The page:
The History Behind the Adventure

Bernard Cornwell's heroic military warrior Richard Sharpe never really existed, but his life as told through the series gives us a fascinating insight into the real historical events of the time.

Sean Bean as Sharpe

Sean Bean as Sharpe

As the series develops, we follow Sharp's career in the British Army during the Napoleonic wars. Beginning as a Private he is gradually promoted to a field commission of Lieutenant Colonel by the time of the iconic Battle of Waterloo.

Pauper to Prince

Aside from the historical events mentioned in the series, Sharpe himself reflects what a great many young men did at the time. The rigid class structure meant that if you were born into poverty a life of crime was often on the cards and the only way out was to enlist in the army.

In Sharpe's case it was after he murdered someone that he fled. To avoid the law that he enlisted in the 33rd Regiment of Foot, which was a genuine infantry regiment of the British Army, which in 1881 merged with another regiment to become the Duke of Wellington's.

The regiment saw service in a wide range of wars and conflicts, including the American Revolutionary War, the Napoleonic Wars, the Crimean War, and Abyssinia. The history books reveal that this regiment gained notice from commanders for its battle record, efficiency and discipline; it was just the sort of environment in which someone like the fictional Sharpe could prove his worth.

Indian adventure

The events depicted in the Sharpe stories also take this "brilliant but wayward" soldier into conflicts other than the Napoleonic wars, for example the earliest tales take us to India under the command of the East India Company and chronicle Sharpe's years spent in the ranks.

During the late 18th Century, The British Empire would be found in a great many parts of the globe and one particular jewel in the crown was India. In the stories, Sharpe serves four years as Armoury Sergeant in Seringapatam, which was the location in 1799 of a hugely significant battle.

The Battle of Seringapatam was important because it was the final confrontation between the British and Tipu Sultan, the Tiger of Mysore, who was killed when the British broke into the fortress. Because of the British victory, the fate of India changed forever, as did English dominance in the continent.

Napoleonic Wars

Returning from India, Sharpe is seen engaging in conflicts throughout Europe, particularly in Portugal, Spain and France. The background to his adventures is the great series of battles fought by the British forces and its allies against the might of Napoleon Bonaparte's First French Empire.

When France buckled under the tide of violence during the French Revolution in 1789, Bonaparte was only a general. He seized power and in forcing other countries such as Spain, Holland and Italy to accept French rule, he declared himself Emperor in 1804.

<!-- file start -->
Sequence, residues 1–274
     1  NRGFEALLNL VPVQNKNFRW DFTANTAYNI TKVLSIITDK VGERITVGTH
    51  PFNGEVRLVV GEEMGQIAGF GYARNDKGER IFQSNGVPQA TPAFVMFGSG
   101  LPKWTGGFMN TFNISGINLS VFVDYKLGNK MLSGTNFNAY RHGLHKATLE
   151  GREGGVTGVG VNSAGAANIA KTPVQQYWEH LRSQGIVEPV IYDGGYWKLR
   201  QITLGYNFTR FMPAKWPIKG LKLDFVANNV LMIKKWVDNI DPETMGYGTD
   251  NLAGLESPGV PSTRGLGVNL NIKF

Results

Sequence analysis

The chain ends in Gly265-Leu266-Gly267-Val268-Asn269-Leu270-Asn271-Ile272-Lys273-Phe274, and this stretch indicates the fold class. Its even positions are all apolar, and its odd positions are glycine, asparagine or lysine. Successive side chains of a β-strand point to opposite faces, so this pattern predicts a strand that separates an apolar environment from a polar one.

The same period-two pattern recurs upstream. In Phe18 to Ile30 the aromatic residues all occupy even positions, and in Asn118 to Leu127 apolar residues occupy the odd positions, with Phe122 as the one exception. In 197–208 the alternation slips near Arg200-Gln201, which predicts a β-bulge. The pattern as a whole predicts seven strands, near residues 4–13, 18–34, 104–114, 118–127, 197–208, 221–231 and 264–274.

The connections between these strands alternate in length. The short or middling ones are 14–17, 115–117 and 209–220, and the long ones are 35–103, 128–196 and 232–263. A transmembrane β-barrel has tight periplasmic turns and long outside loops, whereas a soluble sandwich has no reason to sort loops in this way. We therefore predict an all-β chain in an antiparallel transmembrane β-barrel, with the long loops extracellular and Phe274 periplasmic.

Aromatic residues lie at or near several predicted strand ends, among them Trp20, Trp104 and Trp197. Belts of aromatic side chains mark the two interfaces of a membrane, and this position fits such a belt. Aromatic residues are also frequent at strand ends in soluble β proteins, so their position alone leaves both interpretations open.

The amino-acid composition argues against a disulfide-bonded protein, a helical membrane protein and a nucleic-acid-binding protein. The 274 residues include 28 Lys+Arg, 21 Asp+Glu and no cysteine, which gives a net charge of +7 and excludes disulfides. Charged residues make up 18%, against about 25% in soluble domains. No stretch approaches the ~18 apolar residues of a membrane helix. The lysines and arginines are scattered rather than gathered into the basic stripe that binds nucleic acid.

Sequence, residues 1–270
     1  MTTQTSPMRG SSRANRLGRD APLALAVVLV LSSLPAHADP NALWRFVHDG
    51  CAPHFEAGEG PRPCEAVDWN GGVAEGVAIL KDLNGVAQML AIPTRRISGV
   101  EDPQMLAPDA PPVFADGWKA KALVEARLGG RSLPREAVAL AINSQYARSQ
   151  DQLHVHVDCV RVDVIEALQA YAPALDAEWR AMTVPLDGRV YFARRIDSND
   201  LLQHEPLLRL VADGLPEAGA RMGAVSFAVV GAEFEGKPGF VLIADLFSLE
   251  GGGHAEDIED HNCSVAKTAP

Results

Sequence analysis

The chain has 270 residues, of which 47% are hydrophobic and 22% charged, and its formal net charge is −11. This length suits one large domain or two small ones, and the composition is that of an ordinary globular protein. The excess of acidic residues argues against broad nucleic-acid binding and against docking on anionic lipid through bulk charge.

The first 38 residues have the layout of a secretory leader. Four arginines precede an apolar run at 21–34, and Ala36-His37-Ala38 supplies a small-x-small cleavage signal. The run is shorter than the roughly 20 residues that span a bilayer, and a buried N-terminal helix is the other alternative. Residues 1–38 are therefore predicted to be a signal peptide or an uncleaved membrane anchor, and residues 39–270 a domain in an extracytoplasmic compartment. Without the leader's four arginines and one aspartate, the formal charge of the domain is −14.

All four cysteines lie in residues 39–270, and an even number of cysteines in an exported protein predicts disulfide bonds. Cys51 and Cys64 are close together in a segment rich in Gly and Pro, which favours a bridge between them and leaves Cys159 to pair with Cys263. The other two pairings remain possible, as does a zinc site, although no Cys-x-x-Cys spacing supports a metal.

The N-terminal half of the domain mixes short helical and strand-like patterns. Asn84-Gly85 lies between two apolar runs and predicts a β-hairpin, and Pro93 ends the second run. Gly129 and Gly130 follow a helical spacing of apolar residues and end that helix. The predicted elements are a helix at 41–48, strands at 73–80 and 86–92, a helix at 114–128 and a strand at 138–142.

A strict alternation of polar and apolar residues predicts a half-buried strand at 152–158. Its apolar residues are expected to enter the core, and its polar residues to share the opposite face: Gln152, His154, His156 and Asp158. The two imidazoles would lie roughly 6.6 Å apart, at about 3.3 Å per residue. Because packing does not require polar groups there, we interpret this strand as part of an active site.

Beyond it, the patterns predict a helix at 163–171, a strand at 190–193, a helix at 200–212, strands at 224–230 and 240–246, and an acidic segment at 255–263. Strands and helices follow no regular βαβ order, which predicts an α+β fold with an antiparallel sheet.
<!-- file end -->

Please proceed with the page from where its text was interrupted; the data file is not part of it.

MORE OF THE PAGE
The actual dates for the war between Britain and France lie between 1803 and 1814 and due to the great number of battles fought throughout the globe, some historians think that the Napoleonic wars can be seen as the first 'world' war.

Wellington's Victory

The Napoleonic wars ended with Bonaparte's defeat at Waterloo at the hands of Arthur Wellesley, better known as the First Duke of Wellington. As the series progresses, we see Sharpe becoming close to the great man, shadowing him through many conflicts, building up to his involvement in the legendary battle itself, which took place on June 18th 1815.

Wellesley is generally considered one of the leading military and political figures of the first half of the nineteenth century. It is this battle that cemented him as an icon of British military history as Napoleon's defeat in this small Belgian region put a final end to his rule as Emperor of the French.

After the Napoleonic wars Wellesley moved into politics and was twice Tory Prime Minister of the United Kingdom, and remained one of the leading figures in the House of Lords until his retirement in 1846. He was also largely instrumental in the foundation of King's College London.

Sharpe's Progress

Being a fictional hero, Sharpe's creator Cornwell frankly admits he has taken license with history, often placing Sharpe in the place of another man whose identity is lost to history. These achievements include killing the Tipu Sultan at Seringapatam, saving Wellesley's life at the Battle of Assaye and personally taking command of a regiment that drives off the French Imperial Guard at Waterloo.

However, the fact that the character of Sharpe is so closely intertwined with such key events in European history means that the series has great opportunities to reveal the bloodshed, drama and European politics that erupted during this period, while at the same time spinning more cracking good swashbuckling yarns than you can shake a sword at!